ACAI and Cassava Weed Management Project Merge
The African Cassava Agronomy Initiative (ACAI) project and the Cassava Weed Management Project have merged into a single project. Both projects are funded by the Bill & Melinda Gates Foundation under the Agricultural Development program
ACAI project has been carrying out research to develop tools that will increase the availability of appropriate and affordable technologies to sustainably improve cassava productivity in Nigeria and Tanzania.
Dr Friday Ekeleme gives a presentation on the Cassava Weed Management activities.
CWMP, on the other hand, screened environmentally friendly and safe herbicides and explored agronomic factors including motorized mechanical options for weed control in cassava. After the rigorous and intensive research, the project developed the Six Steps to Cassava Weed Management toolkit that when applied increases the productivity of cassava and reduces the drudgery of hand weeding.
Under the new arrangement, the two projects will operate as ACAI with an expanded mandate to include cassava weed management in the ACAI’s decision support tools.
Project teams from ACAI and CWMP met in Nairobi early February to develop an integration plan and a new implementation plan for 2019 and 2020. Components of the weed management solutions will be incorporated into some of the ACAI decision support tools and then disseminated as a single composite package.
Commenting on the merging of the two projects, IITA Director for Development and Delivery, Dr. Alfred Dixon said the move was in the right direction, adding that it offers the new ACAI team a more diversified and talented team that would transform cassava on the African continent.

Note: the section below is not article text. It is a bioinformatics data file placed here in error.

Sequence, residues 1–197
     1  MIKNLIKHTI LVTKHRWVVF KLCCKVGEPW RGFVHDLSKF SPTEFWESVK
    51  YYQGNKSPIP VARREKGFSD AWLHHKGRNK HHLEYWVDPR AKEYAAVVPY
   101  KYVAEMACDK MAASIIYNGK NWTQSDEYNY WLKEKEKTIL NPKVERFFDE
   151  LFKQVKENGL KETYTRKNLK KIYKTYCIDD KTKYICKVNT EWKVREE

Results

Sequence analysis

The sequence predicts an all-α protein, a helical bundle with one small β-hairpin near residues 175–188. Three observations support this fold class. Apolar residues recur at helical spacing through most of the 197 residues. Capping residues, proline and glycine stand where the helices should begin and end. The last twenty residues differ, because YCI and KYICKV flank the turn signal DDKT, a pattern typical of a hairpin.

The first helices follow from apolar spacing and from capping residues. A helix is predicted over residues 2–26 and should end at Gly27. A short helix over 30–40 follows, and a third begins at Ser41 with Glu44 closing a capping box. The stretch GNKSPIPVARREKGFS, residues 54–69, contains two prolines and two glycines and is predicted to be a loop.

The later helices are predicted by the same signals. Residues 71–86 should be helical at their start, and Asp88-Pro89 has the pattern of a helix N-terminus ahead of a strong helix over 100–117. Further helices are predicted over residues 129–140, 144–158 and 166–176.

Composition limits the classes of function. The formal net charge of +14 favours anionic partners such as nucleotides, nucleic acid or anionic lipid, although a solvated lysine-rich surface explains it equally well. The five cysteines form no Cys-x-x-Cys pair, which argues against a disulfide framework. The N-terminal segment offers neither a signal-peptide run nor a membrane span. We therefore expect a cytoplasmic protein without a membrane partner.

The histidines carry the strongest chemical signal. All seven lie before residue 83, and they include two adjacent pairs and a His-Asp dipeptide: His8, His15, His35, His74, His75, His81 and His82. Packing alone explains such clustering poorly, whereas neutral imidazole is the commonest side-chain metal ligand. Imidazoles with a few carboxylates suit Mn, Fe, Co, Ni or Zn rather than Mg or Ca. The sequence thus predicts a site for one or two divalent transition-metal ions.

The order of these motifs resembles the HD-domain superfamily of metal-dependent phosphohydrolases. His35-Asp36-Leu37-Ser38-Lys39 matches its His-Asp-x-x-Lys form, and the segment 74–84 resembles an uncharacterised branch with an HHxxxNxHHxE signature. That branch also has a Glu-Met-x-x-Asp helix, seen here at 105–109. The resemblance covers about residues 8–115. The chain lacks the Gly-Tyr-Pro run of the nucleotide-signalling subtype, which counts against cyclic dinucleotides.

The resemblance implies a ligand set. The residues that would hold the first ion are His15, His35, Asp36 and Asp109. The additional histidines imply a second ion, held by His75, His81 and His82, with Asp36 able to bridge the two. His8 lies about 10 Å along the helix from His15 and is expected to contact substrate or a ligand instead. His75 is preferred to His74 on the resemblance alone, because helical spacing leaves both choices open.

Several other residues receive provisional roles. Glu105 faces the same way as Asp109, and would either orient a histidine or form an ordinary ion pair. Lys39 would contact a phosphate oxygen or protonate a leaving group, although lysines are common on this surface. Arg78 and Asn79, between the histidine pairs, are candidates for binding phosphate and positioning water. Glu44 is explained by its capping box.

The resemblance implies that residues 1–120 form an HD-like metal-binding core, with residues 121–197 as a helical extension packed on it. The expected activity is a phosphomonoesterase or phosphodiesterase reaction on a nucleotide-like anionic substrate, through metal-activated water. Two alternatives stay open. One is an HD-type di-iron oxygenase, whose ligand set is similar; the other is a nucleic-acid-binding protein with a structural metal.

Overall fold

“(The two projects) have a common goal, coming together is going to make the team more successful, as they share experiences,” Dr. Dixon said.
The new ACAI team at the integration and implementation planning retreat in Nairobi, Kenya
Last year, CWMP received a 2-year supplementary budget extension to join with ACAI in the dissemination of the technologies they have been developing. The weed management project began in 2014 aiming to generate relevant cassava weed management options to share with cassava farmers to help them improve their cassava production.
Among the knowledge outputs from the project include the Six Steps of Cassava Weed Management toolkit and the ABC of Weed Management in Cassava Production in Nigeria.
ACAI started in 2016 to develop decision support tools that would meet specific agronomic needs of partners actively involved in the cassava value chains in Nigeria and Tanzania. The tools are currently in the validation stage of development and slated for dissemination from 2019.
The ACAI project will be intensifying dissemination and scaling of the technologies developed by both teams.